In the case of NAFTA, there is little evidence to confirm or deny this fear.
Unlike any preceding significant trade agreement, when NAFTA was designed, its signatories made an explicit effort to grapple with the issue of unsustainable resource exploitation and industrial practices that are be harmful to the environment . NAFTA was first at including environmental provisions through a side agreement, “The North American Agreement on Environmental Cooperation.”
Yet, according to Mexican government figures, the economic costs of environmental degradation as a percentage of DGP have not changed since NAFTA was put into place. Moreover, since the size of Mexico’s economy has grown since 1994, what that figure means is that environmental degradation has actually increased in absolute terms .
Mexico’s poor environmental record has been in part due to the loopholes created by the NAFTA deal itself–not the side Agreement on Environmental Cooperation. Despite its apparent commitment to environmental protection, NAFTA included investment provisions that allowed corporate investors to ultimately sidestep domestic environmental laws. These investment provisions are found in Chapter 11 of NAFTA. Chapter 11 was meant to protect investors against potential corruption in Mexico and it opened legal mechanisms through which corporations could directly sue national governments in case of facing extortions or illegitimate demands. Early in the game, trade lawyers and corporations learned they could use these safeguards to undercut environmental regulations . The legal record of NAFTA’s Tribunals shows that Canada’s government has fought in court to protect community values and sensitive environments against foreign companies’ plans to expand but the Mexican government has failed to stand up for the environment .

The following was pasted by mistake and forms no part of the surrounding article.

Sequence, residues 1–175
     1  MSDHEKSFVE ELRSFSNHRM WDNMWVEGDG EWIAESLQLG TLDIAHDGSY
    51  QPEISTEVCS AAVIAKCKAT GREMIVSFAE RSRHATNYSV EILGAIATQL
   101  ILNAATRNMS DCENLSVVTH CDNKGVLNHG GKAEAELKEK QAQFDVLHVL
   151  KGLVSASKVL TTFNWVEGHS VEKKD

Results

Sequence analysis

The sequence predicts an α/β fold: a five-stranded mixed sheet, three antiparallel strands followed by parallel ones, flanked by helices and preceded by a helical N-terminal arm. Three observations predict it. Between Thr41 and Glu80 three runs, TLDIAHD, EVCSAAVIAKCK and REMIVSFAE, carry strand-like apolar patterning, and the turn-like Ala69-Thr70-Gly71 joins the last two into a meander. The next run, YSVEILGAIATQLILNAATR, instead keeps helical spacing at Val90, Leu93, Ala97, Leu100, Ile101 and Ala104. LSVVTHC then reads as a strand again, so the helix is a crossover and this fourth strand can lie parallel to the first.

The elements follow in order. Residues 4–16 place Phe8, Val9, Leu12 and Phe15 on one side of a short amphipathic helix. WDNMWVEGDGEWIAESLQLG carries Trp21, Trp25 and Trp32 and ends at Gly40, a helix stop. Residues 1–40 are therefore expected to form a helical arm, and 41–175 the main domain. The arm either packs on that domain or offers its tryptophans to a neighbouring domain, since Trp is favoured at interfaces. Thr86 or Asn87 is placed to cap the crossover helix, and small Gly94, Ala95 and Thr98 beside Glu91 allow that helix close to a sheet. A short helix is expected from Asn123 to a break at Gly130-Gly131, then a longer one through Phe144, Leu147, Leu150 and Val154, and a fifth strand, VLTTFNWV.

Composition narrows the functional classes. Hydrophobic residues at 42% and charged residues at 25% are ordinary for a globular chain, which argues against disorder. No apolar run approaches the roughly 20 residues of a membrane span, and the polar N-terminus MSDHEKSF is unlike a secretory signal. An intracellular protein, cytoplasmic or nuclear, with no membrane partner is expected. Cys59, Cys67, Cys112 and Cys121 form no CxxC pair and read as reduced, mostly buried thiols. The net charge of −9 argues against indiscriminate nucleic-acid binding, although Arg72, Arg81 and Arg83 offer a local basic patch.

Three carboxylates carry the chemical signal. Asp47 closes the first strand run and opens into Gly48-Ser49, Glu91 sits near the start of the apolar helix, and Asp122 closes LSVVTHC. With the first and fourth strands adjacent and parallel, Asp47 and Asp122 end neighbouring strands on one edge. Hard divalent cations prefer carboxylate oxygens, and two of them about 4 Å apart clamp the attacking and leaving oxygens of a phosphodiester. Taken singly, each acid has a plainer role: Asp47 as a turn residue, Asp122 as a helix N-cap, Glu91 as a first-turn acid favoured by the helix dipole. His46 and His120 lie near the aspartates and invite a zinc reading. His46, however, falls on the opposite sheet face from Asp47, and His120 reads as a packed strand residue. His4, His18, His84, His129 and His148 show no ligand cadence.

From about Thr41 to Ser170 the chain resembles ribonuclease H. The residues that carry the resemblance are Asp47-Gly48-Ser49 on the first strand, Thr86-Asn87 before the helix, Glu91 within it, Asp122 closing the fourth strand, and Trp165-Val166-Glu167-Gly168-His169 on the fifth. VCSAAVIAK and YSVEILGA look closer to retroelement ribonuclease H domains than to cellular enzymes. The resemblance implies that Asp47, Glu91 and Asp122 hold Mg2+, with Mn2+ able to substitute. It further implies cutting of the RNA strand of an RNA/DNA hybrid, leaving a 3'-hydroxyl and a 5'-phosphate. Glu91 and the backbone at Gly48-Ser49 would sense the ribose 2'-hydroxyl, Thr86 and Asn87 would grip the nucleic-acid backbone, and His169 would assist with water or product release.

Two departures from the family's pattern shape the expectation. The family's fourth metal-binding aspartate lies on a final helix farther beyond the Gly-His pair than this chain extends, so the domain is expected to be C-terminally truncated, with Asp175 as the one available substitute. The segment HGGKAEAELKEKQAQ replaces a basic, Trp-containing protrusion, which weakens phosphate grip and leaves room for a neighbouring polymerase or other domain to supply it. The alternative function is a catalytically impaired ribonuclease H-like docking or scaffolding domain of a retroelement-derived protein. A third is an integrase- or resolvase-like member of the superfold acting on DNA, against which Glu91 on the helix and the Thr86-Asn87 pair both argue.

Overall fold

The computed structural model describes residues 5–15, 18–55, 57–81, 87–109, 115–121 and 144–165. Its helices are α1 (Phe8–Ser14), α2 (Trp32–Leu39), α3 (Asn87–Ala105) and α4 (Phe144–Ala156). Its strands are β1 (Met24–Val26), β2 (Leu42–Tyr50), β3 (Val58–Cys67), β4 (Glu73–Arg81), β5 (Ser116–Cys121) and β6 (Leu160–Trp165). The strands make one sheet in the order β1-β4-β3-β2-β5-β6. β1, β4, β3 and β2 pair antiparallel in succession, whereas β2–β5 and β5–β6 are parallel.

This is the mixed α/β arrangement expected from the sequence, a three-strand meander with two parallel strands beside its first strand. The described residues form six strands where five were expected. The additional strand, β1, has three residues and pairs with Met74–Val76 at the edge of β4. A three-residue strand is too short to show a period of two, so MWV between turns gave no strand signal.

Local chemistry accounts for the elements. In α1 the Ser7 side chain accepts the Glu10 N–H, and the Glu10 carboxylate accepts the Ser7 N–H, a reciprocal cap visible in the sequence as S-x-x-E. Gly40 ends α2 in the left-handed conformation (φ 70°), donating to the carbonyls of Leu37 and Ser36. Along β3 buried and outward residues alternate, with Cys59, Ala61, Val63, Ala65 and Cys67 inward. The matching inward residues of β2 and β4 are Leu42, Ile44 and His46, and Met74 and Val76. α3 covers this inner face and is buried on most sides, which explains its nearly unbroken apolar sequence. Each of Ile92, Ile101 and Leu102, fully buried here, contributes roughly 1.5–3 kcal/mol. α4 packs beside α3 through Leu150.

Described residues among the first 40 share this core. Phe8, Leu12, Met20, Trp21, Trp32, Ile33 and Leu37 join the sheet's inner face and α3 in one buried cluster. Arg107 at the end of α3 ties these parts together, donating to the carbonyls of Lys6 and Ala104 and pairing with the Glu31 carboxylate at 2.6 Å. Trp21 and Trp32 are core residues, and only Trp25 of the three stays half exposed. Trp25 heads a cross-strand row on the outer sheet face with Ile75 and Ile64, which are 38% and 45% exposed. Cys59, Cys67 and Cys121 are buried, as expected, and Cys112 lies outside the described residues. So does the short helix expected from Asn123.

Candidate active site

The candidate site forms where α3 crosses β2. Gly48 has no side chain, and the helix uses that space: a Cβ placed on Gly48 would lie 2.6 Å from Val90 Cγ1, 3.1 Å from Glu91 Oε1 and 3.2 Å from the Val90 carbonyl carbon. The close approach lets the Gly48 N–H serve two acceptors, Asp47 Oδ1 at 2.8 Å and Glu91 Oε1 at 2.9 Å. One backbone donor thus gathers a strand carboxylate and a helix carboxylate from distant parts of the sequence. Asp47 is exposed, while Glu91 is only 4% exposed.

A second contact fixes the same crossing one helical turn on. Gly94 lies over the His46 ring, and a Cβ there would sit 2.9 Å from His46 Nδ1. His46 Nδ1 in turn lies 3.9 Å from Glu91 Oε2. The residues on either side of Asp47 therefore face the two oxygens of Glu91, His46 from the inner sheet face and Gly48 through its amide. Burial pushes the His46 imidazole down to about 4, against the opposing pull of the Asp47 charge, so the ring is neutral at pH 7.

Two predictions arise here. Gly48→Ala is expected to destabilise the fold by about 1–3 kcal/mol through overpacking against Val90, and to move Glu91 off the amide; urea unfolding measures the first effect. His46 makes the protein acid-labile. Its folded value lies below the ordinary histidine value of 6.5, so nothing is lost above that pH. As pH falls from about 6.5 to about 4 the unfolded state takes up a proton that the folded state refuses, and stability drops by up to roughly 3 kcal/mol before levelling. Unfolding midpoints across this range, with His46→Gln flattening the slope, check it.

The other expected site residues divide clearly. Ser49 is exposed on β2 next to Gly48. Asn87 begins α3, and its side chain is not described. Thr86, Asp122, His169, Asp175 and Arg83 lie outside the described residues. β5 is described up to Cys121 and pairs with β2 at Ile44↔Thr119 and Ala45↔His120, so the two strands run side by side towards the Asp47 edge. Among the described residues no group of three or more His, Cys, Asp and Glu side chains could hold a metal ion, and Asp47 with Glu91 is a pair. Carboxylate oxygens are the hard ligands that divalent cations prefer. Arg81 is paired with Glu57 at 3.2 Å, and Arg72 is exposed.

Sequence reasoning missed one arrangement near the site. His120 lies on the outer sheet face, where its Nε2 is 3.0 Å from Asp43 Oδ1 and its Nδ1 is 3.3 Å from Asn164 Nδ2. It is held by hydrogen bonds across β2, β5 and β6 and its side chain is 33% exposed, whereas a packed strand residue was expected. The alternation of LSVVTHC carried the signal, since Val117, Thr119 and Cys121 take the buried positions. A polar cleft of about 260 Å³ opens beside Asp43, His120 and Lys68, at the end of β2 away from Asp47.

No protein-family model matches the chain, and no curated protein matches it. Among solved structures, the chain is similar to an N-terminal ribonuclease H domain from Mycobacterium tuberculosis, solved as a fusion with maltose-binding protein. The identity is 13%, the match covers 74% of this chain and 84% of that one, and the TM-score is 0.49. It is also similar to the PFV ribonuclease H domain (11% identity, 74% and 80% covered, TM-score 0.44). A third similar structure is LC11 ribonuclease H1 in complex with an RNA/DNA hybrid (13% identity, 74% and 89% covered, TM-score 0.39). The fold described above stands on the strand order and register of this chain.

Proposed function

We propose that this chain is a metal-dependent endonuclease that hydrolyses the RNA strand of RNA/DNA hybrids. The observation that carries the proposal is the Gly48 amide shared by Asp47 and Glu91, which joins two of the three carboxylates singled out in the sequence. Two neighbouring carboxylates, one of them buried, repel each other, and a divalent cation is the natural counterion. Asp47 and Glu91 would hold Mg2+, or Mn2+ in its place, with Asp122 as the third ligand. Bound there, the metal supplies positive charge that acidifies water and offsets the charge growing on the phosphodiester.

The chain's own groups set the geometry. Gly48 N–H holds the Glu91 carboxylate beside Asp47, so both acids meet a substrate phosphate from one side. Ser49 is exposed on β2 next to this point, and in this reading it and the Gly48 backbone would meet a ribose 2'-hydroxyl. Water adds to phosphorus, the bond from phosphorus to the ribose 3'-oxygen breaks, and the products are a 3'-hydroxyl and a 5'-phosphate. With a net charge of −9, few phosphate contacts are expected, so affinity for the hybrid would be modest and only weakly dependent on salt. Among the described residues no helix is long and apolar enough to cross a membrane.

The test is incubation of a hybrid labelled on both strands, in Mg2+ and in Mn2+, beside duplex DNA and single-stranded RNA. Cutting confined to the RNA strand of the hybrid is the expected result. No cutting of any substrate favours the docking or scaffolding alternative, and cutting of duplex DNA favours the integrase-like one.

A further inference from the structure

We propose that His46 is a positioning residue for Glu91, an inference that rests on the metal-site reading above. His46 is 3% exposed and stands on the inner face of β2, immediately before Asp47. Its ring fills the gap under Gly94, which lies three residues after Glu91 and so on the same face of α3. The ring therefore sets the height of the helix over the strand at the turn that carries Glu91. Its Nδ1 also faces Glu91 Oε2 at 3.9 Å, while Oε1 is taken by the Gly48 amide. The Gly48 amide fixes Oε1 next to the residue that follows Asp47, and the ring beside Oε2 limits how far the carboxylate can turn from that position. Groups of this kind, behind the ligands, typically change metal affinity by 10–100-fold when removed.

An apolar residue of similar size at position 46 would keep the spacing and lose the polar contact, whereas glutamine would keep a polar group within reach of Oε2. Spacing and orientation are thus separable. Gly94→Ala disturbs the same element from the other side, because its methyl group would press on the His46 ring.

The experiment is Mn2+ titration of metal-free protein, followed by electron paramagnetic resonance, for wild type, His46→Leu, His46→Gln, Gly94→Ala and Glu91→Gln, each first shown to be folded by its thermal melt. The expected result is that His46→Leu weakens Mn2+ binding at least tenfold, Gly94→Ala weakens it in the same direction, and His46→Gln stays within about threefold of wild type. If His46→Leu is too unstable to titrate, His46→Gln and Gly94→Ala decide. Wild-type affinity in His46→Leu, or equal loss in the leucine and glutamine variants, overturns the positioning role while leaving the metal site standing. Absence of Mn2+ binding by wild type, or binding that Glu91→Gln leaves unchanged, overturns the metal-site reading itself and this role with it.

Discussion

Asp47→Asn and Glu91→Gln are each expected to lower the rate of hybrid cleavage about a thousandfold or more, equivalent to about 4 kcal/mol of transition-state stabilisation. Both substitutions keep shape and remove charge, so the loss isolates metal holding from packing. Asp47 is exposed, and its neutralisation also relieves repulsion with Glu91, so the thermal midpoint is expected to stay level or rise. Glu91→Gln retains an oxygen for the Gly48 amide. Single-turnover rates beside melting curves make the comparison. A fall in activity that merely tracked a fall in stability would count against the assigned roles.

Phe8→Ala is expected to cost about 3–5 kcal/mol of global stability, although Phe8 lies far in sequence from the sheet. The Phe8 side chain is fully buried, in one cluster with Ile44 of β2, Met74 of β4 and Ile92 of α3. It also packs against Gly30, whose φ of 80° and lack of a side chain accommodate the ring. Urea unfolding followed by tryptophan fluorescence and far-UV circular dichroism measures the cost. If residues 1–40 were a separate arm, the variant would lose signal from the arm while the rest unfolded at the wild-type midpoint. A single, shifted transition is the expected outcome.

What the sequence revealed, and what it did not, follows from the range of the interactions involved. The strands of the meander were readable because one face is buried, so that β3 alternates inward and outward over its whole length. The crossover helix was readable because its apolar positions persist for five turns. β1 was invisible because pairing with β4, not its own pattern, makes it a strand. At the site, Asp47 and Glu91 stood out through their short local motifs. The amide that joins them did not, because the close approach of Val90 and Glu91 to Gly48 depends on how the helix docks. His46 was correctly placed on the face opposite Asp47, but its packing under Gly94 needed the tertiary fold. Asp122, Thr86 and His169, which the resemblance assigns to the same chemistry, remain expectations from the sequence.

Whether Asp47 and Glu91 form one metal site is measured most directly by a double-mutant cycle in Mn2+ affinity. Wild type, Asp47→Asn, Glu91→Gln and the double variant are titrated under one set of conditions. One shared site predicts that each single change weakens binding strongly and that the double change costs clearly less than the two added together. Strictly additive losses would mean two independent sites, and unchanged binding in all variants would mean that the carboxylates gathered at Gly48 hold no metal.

The problem is not NAFTA per se. The problem is corrupt officials within governments and within the NAFTA Tribunals themselves who choose to overlook environmental regulations to further their personal financial interests by allowing foreign corporations to use unsustainable exploitative practices.
Corruption is a hard issue to tackle–particularly from outside. Yet, if NAFTA is going to be changed drastically, why not take a careful look at Chapter 11 and the link between investor protections and their use to challenge environmental laws? There may be alternative ways to design a “cleaner” dispute resolution mechanism that discourages corruption and doesn’t involve giving a foreign corporation the same legal weight as a sovereign government so that the former can sue the later. Also, it may be worth revisiting the composition, procedures and regulations binding the NAFTA Tribunals–which actually turn out to be a rather secretive institution that has the power to influence the enforcement of laws in an ad-hoc manner .
In the meantime, students must remain hopeful that positive outcomes can result from this international trade mayhem. Moreover, I believe it is an important time to pause, think, decide what we want and then choose what we are going to do.
If someone is going to start rewriting international trade laws, let’s decide what we want these laws to look like, what we want these laws to promote and how we want these laws to be enforced. I think we can all agree in that we want to have it all. If we are going to have free trade at all, let’s have it be fair trade too. In the future, let’s support movements that promote sustainable practices. We can do that. We can demand a transparent court system. We can vote, we can choose what products to purchase. We can do our research about the causes we care for and support those causes. In the extreme case we can protest. Clearly, we have options to act. We don’t want to change a rigged system, but before we burn it, let’s decide what we want.